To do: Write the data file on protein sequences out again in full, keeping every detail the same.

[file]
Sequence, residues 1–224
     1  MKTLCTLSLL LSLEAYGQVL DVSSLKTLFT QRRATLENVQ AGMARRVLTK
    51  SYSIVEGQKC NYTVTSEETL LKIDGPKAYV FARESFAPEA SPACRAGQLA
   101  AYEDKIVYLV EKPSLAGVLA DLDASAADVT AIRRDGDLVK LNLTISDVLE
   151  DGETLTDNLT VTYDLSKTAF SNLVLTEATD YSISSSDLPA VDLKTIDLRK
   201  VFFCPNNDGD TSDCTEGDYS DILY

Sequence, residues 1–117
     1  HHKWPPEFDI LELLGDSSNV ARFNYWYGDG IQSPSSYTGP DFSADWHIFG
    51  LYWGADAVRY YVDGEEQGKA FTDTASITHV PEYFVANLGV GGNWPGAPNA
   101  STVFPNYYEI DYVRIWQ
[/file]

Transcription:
Sequence, residues 1–224
     1  MKTLCTLSLL LSLEAYGQVL DVSSLKTLFT QRRATLENVQ AGMARRVLTK
    51  SYSIVEGQKC NYTVTSEETL LKIDGPKAYV FARESFAPEA SPACRAGQLA
   101  AYEDKIVYLV EKPSLAGVLA DLDASAADVT AIRRDGDLVK LNLTISDVLE
   151  DGETLTDNLT VTYDLSKTAF SNLVLTEATD YSISSSDLPA VDLKTIDLRK
   201  VFFCPNNDGD TSDCTEGDYS DILY

Sequence, residues 1–117
     1  HHKWPPEFDI LELLGDSSNV ARFNYWYGDG IQSPSSYTGP DFSADWHIFG
    51  LYWGADAVRY YVDGEEQGKA FTDTASITHV PEYFVANLGV GGNWPGAPNA
   101  STVFPNYYEI DYVRIWQ